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Bellying Up

The long putter has more ardent defenders, and generates more controversy, than any club in the bag today
Jeff Williams
From the Print Edition:
Brad Paisley, March/April 2012

PGA Tour players aren’t just going long off the tee anymore. They’re going long with their putters, in a big way.

Keegan Bradley became the first player to win a  major tournament using a belly putter when he won the PGA Championship last August. Webb Simpson won two tournaments and almost captured the 2011 money title using a belly putter. Bill Haas was victorious at the Tour Championship and seized the 2011 FedExCup title using the long-handled putter. Adam Scott, who had shown much promise but had not consistently delivered on results, switched to the long-handled putter and nearly stole the Masters, then picked up a win at the Bridgestone Invitational.

Whether the long putter can make every player a better putter is open to debate. Whether the technique (anchoring the putter to the belly or the breast plate) will remain legal under the rules of golf is also open to debate.

But the stigmas that once surrounded the long putter­—that it was an old man’s crutch, or that it was goofy and ungraceful—no longer seem open to debate. Now that players in their 20s are winning with it, the smirks are fast being stifled.

“At first the guys gave me looks, a lot of them, a lot of flak about it, but now, no,” says Bradley, who took to using the belly putter about three years ago when he was playing on the Nationwide Tour. “There was a huge stigma in the beginning, but now, no. Every week someone new is trying it.”

When Bradley rolled in a 40-footer on the 17th hole for birdie at the PGA Championship, then nestled a long, lag putt close for a par on the 18th hole that would put him in a play-off with Jason Dufner, the effectiveness of the belly putter was  never in a brighter spotlight. Angel Cabrera won the Masters and the U.S. Open using a belly putter, but he did not anchor it to his body. Paul Azinger was the first player to win using a belly putter when he took the 2000 Sony Open, using what six-time major winner, television commentator and long-handled putter critic Nick Faldo calls the hinge technique. “It’s called a golf swing, not a golf hinge,” says Faldo.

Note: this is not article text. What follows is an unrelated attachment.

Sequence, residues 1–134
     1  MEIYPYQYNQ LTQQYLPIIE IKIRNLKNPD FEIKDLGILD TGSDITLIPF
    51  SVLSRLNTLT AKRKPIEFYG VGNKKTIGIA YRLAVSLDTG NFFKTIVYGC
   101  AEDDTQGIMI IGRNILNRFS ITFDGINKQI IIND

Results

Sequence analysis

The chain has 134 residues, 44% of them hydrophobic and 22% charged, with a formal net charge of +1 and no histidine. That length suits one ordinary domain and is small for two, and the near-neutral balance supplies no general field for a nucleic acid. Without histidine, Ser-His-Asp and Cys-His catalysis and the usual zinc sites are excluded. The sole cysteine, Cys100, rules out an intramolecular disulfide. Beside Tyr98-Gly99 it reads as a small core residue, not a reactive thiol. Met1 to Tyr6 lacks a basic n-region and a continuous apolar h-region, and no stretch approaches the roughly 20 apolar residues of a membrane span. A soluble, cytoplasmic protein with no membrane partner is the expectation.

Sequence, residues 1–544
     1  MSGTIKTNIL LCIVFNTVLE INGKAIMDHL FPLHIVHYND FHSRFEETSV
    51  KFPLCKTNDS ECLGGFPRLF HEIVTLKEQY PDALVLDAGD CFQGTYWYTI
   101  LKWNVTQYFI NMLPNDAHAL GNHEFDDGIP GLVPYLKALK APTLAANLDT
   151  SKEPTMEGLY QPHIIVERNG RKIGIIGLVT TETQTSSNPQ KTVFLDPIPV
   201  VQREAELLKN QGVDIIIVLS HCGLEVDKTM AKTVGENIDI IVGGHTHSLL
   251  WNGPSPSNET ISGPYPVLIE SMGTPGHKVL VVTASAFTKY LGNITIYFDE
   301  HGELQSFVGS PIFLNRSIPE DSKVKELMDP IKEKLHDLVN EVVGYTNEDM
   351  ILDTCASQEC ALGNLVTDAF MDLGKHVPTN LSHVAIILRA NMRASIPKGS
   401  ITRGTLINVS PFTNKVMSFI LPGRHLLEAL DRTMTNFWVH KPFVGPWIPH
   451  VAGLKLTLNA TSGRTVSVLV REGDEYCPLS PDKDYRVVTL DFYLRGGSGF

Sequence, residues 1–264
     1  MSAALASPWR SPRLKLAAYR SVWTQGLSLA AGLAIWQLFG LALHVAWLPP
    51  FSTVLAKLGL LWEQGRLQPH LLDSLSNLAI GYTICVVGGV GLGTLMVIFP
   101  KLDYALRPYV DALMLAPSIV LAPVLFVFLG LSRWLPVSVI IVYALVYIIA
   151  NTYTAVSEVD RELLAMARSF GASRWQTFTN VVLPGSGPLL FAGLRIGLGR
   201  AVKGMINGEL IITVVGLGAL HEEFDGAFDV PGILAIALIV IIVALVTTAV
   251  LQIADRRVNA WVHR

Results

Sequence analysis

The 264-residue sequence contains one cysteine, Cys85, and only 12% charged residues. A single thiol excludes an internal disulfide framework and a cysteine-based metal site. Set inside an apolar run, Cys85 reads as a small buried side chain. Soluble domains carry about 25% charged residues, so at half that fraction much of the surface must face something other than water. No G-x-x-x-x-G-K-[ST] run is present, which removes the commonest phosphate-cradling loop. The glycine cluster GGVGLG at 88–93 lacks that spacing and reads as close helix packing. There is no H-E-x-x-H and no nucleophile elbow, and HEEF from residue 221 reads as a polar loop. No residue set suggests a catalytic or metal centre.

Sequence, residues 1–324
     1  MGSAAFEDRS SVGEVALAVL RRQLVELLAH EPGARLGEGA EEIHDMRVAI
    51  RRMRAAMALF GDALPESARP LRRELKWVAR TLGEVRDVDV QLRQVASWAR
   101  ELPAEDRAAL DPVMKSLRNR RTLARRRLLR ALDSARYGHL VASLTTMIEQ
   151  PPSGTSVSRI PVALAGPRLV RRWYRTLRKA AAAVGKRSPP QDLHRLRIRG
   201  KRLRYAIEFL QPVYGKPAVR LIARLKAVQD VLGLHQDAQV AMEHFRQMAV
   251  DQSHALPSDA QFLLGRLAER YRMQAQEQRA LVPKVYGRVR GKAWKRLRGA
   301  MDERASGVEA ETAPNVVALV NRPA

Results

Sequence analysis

Tiger Woods agrees with Faldo, saying that he’s never been a fan of long putters. At the AT&T Pebble Beach National Pro-Am in February, Woods said: “I believe it’s the art of controlling the body and club and swinging the pendulum motion. I believe that’s how it should be played. I’m a traditionalist when it comes to that.”

If Bradley had been the only player to win so visibly using the belly putter, perhaps not as much would be made of it. But there was Webb Simpson, who adopted the belly putter in 2004, winning twice in 2011 with it, including the Deutsche Bank Championship, one of the Tour’s play-off events.

Adam Scott had been so frustrated putting with the short putter that his confidence in his whole game had waned until he switched to the “broomstick” and crucial putts, under pressure, started to fall, especially at the Masters where he eventually lost to Charl Schwartzel’s four-birdie finish (with the conventional putter, it must be said). As many as 20 players were using a long-handled putter during the FedExCup play-offs.

“I tried it at Thanksgiving 2004 at Pinehurst,” says Simpson, who used it while in college at Wake Forest. “I was playing golf with my dad and wasn’t putting well at all. I was more consistent with it and felt I could stroke with more similar strokes. I started with the belly, not the broomstick. I’ve never tried that. At first there was some peer pressure, particularly from my teammates. They razzed me a bit, but it didn’t get to me too much . . . I didn’t feel a stigma for me. I only care about getting better and will use whatever I need to do that. Now with 30 guys under 30 playing it on Tour, I don’t feel anything.”


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